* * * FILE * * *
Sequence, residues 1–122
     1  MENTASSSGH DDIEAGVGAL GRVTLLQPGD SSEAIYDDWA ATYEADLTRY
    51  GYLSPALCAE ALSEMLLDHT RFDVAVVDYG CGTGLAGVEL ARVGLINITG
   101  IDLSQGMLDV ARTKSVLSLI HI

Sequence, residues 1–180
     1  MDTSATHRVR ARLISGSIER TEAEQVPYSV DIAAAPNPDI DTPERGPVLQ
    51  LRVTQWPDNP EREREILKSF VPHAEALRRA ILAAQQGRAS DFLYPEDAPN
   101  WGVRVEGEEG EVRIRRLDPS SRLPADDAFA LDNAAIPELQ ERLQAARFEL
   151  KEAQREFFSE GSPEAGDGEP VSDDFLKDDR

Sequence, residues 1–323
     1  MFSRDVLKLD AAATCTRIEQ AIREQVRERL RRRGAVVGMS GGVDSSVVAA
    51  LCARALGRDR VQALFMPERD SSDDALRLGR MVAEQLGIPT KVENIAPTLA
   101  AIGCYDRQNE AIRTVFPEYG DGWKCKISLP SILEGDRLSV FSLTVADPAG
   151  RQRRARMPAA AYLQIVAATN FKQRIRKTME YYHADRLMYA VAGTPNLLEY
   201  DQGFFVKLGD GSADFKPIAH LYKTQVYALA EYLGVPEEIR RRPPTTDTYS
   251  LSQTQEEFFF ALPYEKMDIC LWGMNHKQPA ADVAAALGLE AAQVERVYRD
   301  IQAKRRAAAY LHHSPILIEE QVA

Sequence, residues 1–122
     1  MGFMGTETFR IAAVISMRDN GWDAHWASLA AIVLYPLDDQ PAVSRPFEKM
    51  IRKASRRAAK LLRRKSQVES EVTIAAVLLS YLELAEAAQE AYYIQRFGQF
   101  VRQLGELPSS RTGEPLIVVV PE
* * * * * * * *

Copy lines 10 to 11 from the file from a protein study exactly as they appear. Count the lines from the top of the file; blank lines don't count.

Sequence, residues 1–323
     1  MFSRDVLKLD AAATCTRIEQ AIREQVRERL RRRGAVVGMS GGVDSSVVAA